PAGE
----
One-time University of Missouri professor Rich Pellegrin sits down at the piano and builds worlds on his latest album. Exquisite and meditative, "Solitude: Solo Improvisations" (OA2) unites the language of 21st-century jazz and neoclassical music to create something curious and spiritual.
Pellegrin now splits time between two disparate climates — the Seattle area and Gainesville, where he teaches at the University of Florida. Past Pellegrin efforts have taken shape as full-band recordings, amply textured and exhibiting a melodic sense of adventure reminiscent of a Brad Mehldau or Keith Jarrett.
Here, flying solo, Pellegrin presses into another side of his playing. The album "captures the spirit of our age — the abundance of unstructured time, desire to reconnect with the land, and wandering through the wide-open spaces of our minds," Pellegrin's website notes.
To divorce individual moments from the whole feels imprudent. Fragmentary as the album is — by design — Pellegrin creates a musical document that almost begs to be heard in one sitting. Still, individual improvisations deserve their due.
Each instinctive composition is titled simply, numbered in succession; and with a few exceptions, each of these 25 tracks falls between just 1 and 2 1/2 minutes in length.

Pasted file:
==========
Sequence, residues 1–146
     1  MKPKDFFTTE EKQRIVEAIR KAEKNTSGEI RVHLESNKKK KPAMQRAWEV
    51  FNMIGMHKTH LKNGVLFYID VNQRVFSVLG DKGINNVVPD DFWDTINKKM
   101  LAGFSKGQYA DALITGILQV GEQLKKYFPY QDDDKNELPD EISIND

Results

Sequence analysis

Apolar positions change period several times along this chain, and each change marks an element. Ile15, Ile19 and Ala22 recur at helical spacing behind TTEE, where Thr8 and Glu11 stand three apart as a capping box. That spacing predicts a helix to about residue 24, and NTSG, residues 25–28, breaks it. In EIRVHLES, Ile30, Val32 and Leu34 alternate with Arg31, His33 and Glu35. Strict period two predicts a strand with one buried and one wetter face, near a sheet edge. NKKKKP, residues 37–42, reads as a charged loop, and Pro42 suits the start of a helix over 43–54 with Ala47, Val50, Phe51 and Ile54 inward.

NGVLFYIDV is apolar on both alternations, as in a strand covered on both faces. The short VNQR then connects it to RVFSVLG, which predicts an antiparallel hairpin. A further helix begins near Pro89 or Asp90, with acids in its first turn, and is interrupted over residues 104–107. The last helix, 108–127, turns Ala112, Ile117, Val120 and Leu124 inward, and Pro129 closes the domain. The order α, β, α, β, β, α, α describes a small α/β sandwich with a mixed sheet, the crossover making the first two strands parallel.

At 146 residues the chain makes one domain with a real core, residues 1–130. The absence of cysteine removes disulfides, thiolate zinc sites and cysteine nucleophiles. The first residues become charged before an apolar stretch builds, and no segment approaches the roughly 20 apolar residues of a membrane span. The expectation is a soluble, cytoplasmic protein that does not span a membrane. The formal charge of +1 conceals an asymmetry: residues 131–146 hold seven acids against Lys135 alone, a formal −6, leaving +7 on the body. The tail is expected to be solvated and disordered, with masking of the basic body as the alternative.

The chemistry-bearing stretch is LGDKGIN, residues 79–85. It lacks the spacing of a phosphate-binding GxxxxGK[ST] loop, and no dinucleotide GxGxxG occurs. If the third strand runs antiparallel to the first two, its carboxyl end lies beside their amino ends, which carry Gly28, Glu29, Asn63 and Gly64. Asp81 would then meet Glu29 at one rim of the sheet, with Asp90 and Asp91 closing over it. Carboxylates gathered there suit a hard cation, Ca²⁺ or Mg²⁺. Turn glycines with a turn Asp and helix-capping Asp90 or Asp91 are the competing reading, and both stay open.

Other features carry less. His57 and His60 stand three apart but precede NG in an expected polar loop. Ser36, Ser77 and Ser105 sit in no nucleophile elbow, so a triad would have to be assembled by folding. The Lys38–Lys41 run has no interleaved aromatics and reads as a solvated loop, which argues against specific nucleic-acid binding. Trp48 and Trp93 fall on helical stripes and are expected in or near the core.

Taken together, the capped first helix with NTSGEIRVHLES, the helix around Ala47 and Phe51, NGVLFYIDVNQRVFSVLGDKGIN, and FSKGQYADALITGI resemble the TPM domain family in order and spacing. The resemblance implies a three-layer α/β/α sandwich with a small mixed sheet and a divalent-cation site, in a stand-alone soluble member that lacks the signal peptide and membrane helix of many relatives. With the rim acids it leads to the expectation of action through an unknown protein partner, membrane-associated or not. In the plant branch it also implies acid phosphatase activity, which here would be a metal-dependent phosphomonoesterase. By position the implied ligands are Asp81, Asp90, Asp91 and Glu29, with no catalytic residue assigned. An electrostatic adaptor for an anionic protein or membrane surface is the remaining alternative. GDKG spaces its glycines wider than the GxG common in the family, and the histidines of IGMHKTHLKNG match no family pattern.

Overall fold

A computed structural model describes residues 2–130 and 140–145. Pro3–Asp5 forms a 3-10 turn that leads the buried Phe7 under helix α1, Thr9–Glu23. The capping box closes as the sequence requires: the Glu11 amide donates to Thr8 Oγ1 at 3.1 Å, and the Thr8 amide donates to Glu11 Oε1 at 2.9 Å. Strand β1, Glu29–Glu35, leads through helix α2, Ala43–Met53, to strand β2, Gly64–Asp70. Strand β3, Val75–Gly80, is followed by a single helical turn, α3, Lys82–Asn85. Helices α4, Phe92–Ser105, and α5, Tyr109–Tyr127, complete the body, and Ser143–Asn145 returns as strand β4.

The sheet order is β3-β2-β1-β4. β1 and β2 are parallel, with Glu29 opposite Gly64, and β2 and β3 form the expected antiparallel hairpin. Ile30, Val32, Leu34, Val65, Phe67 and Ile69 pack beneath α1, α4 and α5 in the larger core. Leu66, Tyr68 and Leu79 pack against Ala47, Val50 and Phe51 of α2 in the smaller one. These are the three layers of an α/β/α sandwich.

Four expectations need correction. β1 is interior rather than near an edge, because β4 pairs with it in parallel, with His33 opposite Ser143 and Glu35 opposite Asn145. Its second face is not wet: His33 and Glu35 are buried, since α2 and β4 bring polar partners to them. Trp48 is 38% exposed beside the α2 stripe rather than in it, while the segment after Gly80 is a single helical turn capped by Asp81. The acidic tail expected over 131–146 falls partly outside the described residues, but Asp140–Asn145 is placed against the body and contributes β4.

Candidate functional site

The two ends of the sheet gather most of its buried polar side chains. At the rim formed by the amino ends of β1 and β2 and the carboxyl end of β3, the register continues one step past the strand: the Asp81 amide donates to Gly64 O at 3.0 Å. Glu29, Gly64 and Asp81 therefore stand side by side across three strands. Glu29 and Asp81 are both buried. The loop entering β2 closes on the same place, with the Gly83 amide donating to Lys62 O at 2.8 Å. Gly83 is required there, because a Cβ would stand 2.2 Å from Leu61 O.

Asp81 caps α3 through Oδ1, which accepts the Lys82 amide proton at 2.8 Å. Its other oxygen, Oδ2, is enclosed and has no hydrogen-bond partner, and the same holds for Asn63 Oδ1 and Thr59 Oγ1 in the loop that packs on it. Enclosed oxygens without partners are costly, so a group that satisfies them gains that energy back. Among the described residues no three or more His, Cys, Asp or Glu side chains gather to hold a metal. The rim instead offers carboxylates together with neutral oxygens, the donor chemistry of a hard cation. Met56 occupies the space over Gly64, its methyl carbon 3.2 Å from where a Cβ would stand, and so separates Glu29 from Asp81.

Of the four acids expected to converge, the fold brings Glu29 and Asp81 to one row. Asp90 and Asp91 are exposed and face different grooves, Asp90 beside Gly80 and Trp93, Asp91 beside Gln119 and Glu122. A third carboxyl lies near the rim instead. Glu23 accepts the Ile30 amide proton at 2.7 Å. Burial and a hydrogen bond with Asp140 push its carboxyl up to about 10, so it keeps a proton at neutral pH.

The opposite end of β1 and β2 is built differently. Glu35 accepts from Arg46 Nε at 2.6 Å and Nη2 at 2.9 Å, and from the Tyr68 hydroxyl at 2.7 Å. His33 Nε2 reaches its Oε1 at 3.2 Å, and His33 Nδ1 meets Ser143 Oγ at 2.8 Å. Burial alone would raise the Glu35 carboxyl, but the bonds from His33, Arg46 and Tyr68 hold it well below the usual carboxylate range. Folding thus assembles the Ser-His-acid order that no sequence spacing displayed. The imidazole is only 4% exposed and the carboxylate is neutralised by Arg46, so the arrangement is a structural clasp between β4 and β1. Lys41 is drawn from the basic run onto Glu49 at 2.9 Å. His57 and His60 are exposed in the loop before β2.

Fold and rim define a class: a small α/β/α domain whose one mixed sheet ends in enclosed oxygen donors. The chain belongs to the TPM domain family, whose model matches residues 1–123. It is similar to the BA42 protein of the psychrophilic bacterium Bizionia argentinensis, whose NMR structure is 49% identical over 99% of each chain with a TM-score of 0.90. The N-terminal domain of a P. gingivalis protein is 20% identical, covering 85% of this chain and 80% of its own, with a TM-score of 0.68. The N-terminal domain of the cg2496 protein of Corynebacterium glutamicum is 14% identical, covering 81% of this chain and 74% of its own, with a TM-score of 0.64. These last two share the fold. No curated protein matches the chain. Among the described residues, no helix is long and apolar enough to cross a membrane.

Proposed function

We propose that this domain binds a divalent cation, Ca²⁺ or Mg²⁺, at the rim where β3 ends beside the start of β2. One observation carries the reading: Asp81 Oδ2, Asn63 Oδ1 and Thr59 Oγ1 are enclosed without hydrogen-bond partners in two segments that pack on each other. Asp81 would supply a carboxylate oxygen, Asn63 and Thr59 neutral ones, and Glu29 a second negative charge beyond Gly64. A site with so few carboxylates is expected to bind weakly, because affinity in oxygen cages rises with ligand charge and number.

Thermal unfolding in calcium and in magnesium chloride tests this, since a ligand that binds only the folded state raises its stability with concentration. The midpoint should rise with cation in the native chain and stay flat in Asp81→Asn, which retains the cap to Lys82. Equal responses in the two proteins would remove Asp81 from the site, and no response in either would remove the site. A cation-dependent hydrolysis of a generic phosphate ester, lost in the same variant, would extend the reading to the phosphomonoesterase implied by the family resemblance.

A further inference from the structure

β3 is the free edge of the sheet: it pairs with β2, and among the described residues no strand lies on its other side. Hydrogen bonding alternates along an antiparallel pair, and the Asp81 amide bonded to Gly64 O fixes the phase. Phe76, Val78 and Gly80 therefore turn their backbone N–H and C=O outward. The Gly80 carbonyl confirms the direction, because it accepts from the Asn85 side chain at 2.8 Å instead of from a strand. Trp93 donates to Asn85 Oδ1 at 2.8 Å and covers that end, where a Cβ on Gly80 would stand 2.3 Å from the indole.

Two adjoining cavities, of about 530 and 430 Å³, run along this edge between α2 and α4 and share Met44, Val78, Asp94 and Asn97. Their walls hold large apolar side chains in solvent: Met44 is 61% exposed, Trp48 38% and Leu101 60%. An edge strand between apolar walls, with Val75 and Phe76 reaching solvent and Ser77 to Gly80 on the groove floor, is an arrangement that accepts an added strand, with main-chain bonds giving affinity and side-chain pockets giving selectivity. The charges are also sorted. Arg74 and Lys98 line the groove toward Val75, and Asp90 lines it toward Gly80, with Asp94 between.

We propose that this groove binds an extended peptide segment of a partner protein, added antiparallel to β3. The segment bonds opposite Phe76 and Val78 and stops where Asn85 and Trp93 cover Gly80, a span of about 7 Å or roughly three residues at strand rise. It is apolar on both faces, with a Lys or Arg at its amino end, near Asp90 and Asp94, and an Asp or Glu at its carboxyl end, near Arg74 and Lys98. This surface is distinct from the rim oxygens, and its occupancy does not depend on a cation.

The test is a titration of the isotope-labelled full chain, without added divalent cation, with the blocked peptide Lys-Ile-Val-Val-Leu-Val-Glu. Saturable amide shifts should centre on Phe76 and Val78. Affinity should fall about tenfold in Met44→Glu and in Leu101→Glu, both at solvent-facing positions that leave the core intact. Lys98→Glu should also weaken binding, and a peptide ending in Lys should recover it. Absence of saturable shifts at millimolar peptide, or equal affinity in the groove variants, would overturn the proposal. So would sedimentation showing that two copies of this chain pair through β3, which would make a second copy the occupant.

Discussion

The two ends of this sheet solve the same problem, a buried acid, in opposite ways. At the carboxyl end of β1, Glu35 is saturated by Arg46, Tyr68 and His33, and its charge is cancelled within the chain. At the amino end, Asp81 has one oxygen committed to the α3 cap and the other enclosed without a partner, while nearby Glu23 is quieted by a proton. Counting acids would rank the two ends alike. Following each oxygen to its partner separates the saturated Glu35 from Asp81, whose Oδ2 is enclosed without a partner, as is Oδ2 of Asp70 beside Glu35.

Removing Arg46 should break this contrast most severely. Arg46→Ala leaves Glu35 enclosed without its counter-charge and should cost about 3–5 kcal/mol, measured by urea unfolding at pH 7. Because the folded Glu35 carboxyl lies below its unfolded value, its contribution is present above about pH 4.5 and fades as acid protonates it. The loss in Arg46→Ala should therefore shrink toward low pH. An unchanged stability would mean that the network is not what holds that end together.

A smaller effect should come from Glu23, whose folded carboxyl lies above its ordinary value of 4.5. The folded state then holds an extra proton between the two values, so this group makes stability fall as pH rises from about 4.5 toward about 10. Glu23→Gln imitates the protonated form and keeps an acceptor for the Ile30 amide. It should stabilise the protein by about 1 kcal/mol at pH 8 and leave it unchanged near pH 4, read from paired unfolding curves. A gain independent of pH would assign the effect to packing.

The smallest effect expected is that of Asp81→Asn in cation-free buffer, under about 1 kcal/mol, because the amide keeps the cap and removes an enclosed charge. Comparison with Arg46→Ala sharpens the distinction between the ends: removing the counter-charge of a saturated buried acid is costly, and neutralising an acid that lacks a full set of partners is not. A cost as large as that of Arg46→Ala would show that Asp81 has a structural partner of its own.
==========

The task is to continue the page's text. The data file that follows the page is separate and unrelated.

"Improvisation I" establishes tone and temperament. Pellegrin applies gentle pressure to the keyboard, accessing the pleasant side of longing. The track never stops moving, showing how the pianist follows one note, one feeling after another.
"Improvisation II" begins at the higher end of the instrument's range, imbuing the song with a percussive, dreamlike quality; Pellegrin's playing is both twinkling stars and midnight-black canopy.
"Improvisation III" introduces, if only momentarily, the album's first moments of dissonance while "Improvisation IV" is downright buoyant, something like trilling birdsong.
"Improvisation VII" ends with a gorgeous coda that moves from chord to chord with deliberation born of discovering — and internalizing — the plot as a piece of music evolves.
The longest selection on the album, "Improvisation XI," is worth its 6 and 1/2 minutes. A gliding, planing motion opens the song and Pellegrin sets off a series of small ripples within the greater current. The playing crests and recedes over and again, finding lovely moments of melody and texture as it carries forward.
Elsewhere, "Improvisation XVI" is darker in tone, but follows a similar, undulating sense of motion. "Improvisation XVII" runs less than a minute, but manages to access multiple touchstones and textures.
"Improvisation XXII" starts slowly and softly, then ends with a melancholy tiptoe along the keyboard. "Improvisation XXV" concludes the set on notes of longing and hope.
"Solitude" should absolutely appeal to fans of the vast and varied — yet aesthetically consonant — ECM Records catalog as well as works by pianist Christopher O'Riley. It will move those who stake little claim to jazz, despite being informed by that music's vernacular. The album is genre-less but not formless; inspired and reflexive yet a result of great study and intention.
The album draws listeners into one artist's solitude, then transfers its desire for something more serene and satisfying.